Scientists have been studying the rejuvenating effects of young blood on older organisms since the 1860s. Recently, researchers have found that injecting young plasma into older rats can improve their cognitive abilities and even extend their lifespan.
In research by Institute for Biochemical Research (INIBIOLP), National University of La Plata, Argentina, old rats (25 months old) were given injections of young rat plasma (1 ml) every other week. In the Conboys' plasma exchange experiments they remove 50% of plasma first, which is estimated to be 5 millilitres, so this team doesn't seem to be diluting the blood sufficiently to remove old factors.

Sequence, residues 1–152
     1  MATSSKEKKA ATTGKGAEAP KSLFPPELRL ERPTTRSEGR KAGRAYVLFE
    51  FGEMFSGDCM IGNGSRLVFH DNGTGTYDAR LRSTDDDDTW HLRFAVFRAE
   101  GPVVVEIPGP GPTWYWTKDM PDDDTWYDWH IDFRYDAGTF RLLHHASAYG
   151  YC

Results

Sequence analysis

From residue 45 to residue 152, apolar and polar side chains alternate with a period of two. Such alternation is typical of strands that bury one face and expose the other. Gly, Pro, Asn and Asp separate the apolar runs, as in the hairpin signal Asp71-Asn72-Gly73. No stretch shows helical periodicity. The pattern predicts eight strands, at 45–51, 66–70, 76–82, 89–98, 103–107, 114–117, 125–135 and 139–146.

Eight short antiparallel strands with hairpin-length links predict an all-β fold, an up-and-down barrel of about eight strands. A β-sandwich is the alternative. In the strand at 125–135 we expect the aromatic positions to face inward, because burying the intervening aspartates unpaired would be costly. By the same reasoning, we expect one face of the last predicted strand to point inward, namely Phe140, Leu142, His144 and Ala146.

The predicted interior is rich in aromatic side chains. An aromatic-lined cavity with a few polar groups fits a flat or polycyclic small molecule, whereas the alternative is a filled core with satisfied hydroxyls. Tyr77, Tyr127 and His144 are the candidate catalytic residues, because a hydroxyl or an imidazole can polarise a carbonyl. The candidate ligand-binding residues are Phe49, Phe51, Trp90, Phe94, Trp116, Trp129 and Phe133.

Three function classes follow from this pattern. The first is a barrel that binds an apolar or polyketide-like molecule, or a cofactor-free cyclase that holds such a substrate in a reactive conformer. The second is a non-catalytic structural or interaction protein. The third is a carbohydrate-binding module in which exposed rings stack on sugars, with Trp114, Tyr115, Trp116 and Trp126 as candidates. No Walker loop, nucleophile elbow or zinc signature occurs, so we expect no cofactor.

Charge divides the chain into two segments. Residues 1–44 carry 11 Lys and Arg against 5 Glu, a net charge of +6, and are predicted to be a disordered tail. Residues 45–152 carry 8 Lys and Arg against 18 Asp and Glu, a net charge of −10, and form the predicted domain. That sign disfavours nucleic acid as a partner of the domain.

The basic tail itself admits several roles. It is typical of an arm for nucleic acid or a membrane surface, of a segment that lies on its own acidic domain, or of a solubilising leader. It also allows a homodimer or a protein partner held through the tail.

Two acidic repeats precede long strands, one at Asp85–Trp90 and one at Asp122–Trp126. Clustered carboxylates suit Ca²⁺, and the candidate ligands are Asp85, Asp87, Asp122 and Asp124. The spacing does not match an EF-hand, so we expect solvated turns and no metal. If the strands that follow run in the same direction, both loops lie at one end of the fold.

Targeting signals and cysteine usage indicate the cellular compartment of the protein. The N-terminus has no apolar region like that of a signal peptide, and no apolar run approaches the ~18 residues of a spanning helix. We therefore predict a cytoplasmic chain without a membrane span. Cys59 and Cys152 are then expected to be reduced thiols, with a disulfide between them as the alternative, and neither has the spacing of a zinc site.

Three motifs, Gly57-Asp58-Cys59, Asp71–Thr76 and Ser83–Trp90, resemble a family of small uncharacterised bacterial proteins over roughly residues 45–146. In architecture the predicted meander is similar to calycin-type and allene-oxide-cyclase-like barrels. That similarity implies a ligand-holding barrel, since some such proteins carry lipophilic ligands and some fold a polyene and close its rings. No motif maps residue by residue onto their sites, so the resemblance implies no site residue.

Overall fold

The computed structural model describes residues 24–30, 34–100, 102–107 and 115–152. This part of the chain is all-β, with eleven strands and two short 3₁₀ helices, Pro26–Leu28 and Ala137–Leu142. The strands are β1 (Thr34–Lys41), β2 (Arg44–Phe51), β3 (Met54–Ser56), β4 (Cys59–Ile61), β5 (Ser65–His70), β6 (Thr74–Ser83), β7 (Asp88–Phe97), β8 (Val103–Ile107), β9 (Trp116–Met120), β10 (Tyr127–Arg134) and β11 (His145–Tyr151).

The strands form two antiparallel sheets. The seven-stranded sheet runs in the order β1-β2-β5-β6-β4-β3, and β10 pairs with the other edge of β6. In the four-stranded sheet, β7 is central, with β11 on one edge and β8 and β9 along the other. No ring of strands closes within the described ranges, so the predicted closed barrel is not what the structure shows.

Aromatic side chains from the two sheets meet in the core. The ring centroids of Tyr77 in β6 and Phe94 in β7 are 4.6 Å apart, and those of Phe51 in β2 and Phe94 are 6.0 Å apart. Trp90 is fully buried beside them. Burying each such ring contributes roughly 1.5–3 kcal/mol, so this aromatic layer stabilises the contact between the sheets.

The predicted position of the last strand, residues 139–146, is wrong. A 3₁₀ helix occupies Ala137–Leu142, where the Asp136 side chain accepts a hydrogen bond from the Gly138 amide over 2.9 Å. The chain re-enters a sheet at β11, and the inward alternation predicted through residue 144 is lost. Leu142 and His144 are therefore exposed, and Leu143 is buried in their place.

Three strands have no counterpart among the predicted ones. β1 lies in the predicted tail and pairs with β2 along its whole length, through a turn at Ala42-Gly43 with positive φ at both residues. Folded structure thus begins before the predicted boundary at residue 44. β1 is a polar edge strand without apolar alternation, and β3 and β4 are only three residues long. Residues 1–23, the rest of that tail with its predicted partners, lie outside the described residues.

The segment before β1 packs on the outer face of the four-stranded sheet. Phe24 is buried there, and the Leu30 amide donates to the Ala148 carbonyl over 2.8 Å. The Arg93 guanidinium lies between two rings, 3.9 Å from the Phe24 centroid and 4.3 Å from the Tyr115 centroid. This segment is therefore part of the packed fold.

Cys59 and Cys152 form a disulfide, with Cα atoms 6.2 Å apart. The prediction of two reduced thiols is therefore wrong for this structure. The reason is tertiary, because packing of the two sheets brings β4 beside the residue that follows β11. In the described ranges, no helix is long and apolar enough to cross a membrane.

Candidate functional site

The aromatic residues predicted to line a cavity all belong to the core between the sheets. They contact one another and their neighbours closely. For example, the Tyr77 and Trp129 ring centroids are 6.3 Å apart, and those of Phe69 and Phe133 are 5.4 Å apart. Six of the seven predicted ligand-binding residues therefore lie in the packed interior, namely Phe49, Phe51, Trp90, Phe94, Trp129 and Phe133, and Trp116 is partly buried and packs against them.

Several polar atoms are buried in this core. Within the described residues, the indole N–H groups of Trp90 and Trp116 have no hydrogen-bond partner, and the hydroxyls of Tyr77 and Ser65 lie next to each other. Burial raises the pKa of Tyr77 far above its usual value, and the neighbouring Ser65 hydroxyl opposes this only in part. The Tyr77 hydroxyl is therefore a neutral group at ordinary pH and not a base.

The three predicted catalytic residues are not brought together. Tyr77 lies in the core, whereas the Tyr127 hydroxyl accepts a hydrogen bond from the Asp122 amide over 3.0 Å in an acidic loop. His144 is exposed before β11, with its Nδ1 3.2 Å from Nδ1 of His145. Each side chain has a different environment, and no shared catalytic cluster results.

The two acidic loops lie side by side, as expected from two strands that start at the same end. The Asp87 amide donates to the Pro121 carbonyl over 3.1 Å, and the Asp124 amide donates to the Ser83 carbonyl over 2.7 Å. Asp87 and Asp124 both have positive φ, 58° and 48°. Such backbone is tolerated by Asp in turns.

The key results of the study were:
- Lifespan Extension: Old rats that received injections of young rat plasma every other week experienced an average increase in lifespan of 2.2 months compared to untreated counterparts.
- Healthier Appearance: Treated rats displayed a healthier appearance, with whiter and shinier fur, and were more active than the control rats.
- Lower Epigenetic Age: The treated rats showed a consistently lower epigenetic age, as indicated by their DNA methylation levels, compared to the control rats.
- DNA Methylation Changes: The researchers observed changes in the methylation levels of specific genes related to insulin-like growth factors (IGFs) and immune function, which are known to play a role in aging and overall health.
These results suggest that young blood may have rejuvenating properties, potentially leading to improved health and extended lifespan in older rats. However, more research is needed to fully understand the mechanisms behind these effects and to determine if they can be translated to human treatments.